In the past, many such attempts at collaboration have failed because of the ruthless exploitation of lovers like Eddie. The rule is: in four days, the Prosecutor is sent an ear of the lover, in five days, a finger and soon after, the penis, if there is one. These provided by the family assassin who has access to the kidnapped lover. But the crime by the Borellis has been a highly immoral spreading of the waste on land that children have used for playing.

Numerous lorry loads of toxic waste being spread over the years. Immacolata is so incensed at the death of her best friend, Marianna, that she resists all attempts to divert her from giving evidence against them for all the murders and deaths caused by their actions. What should happen is that the lover who has stumbled into this lions den in Naples is killed and Immacolata should be so affected that she gives up her ambition to avenge her dead friend.

The book is 538 pages and riveting to the last page. In between, we learn just how awful life is in Forcella, the area of Naples ruled by the Borellis, where everyone seems to be against the police, even enjoying the deaths of those who make enemies of the Borellis whose assassin becomes famous in the press.

A great service is achieved by its author: we see the reality of a life (for everyone of the population) that is governed by criminals; and even how ordinary people in war time set up in business after the Allies took back the city and acquired their power by determination, the will to dominate and to tell lies at every turn, if necessary - anything to cement their will; opposition killed in a moment. The church is powerless, by contrast.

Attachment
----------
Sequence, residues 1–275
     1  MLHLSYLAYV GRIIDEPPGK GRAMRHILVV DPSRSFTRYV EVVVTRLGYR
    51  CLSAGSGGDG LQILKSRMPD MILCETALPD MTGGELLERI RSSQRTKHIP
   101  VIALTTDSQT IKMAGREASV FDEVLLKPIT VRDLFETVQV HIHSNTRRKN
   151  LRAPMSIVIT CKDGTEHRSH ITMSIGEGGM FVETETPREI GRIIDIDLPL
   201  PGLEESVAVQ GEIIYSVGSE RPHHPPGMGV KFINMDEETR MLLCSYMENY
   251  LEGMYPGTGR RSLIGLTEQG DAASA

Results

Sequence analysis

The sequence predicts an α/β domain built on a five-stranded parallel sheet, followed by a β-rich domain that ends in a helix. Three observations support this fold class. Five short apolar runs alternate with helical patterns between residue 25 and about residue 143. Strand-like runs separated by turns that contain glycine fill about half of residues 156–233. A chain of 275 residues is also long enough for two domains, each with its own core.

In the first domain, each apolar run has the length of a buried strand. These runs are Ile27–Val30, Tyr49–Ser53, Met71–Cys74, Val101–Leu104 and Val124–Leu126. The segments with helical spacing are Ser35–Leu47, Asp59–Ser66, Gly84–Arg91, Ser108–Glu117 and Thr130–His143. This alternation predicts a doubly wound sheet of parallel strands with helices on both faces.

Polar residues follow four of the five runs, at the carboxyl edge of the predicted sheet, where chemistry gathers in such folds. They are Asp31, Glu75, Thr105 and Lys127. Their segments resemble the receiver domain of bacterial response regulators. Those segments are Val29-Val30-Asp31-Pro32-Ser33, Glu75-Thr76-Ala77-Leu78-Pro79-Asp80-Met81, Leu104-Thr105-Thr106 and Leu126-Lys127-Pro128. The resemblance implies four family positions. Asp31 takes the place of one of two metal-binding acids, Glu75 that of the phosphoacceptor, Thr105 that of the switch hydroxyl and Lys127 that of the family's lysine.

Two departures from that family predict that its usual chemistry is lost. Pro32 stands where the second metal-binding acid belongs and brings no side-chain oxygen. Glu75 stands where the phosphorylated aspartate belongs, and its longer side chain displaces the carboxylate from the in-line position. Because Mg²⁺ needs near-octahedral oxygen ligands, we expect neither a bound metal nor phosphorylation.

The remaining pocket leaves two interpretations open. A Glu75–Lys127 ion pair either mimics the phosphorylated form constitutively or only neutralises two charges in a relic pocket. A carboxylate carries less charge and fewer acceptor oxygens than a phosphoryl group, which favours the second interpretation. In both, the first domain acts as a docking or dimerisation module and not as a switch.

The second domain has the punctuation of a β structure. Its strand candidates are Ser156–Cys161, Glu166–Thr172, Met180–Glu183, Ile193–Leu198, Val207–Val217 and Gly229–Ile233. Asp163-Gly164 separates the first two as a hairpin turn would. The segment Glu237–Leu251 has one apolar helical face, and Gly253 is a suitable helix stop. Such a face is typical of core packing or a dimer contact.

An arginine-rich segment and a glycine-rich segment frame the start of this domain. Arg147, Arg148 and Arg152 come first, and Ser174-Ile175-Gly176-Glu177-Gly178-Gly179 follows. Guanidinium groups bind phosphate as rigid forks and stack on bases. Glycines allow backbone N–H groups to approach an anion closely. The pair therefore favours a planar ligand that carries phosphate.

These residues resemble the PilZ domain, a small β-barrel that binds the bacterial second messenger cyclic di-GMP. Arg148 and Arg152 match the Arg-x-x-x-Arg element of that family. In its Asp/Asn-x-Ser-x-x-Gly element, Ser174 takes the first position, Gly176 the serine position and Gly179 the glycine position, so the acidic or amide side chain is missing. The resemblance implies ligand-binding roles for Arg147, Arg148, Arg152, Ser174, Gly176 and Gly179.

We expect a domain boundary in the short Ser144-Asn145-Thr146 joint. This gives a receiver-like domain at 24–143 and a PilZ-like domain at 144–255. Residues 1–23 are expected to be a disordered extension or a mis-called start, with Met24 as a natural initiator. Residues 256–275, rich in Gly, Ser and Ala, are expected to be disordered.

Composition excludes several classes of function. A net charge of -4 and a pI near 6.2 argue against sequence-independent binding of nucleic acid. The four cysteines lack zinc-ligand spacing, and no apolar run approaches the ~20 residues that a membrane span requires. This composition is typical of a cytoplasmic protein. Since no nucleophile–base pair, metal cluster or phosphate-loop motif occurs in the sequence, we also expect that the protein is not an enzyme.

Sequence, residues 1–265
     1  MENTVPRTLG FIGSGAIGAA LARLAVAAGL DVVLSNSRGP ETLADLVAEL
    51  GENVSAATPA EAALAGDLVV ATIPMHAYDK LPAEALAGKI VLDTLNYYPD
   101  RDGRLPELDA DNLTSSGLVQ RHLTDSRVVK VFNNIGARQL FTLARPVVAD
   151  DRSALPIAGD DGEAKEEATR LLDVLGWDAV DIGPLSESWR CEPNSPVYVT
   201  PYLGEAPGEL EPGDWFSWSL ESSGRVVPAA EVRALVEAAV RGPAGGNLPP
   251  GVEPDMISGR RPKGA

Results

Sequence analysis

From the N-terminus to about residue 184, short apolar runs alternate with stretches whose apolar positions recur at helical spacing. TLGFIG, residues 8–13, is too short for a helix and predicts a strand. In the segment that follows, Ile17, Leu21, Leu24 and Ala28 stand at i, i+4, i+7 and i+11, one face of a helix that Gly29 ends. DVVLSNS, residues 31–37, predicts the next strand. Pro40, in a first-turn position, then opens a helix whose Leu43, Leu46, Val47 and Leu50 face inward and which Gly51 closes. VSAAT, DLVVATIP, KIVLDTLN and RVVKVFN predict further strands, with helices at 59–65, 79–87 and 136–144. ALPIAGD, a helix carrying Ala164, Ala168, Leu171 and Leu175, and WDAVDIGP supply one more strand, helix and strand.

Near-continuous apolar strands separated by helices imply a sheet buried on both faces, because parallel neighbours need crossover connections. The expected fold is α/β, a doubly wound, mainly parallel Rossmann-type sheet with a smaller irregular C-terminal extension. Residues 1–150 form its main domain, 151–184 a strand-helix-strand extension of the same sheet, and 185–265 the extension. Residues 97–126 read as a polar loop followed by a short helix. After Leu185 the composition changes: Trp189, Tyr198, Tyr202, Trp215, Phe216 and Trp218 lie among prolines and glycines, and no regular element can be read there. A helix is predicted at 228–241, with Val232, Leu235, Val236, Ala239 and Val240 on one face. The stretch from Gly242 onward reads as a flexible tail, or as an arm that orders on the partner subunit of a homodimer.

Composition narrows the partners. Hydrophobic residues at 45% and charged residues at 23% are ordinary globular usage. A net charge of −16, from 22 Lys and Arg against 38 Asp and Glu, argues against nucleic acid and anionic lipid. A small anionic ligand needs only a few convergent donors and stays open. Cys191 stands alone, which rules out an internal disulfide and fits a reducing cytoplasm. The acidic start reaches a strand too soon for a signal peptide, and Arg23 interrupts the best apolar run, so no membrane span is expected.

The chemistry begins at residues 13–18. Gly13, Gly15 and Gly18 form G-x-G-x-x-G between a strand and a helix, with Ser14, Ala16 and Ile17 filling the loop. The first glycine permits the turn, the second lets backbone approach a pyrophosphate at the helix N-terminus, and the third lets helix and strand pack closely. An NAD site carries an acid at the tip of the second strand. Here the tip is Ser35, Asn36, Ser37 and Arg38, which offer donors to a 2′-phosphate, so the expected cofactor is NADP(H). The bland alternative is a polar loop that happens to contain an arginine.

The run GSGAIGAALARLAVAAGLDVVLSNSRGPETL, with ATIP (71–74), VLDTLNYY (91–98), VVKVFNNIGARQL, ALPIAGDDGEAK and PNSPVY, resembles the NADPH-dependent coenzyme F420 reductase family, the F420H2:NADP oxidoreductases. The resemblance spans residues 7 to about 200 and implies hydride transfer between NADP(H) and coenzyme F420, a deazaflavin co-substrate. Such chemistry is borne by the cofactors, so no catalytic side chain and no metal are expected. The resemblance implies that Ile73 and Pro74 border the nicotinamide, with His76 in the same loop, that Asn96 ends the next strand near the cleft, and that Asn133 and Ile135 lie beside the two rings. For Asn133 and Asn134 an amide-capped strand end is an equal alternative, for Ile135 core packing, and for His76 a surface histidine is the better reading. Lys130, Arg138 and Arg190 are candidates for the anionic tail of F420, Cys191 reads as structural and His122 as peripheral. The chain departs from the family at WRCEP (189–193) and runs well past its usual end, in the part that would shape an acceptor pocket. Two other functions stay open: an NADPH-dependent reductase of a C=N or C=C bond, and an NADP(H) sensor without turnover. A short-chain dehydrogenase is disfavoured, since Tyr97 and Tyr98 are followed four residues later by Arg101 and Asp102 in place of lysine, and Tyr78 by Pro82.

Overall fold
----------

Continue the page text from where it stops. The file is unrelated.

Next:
Bernard Faulks has a book, 'Paris Echo', that does the same about France in the period just after the doings of the OAS in Algeria. Thousands of Algerians were thrown off bridges into rivers, often with their wrists tied. The novelist should tell us about life as it really is and not allow us to forget it. On p 232 Ch 19 we have: 'Some wild Algerians had brought their struggle to the streets of Paris and had killed about a dozen cops in the course of a year. So the government called in Papon, who'd been a district torturer in Algeria, rounder up of Jews at the Velodrome d'Hiver in 1942 and later on was convicted of crimes against humanity. Just the man. He introduced an 8.30 p.m. curfew on all 150,000 Algerians in and around Paris and sent in police squads to Algerian districts to rough up anyone 'of North African appearance', He told his men to be 'subversive' and that he would cover for them. A demonstration against the curfew was planned, but police blocked every station and road into the city centre. Despite this, about 30,000 Algerians were able to gather and protest. The police, many of them old Vichy militia men who'd escaped trial in 1944, grabbed as many as they could and bussed them off to detention centres where they shot some, tortured some, and knocked out others with truncheons or pickaxe handles. Then, from bridges all through the city, including one at police headquarters near Notre Dame, where Papon was watching, they tied their hands and threw them into the river.'

We can now understand the root cause of the recent riots in France.

© William W. C. Scott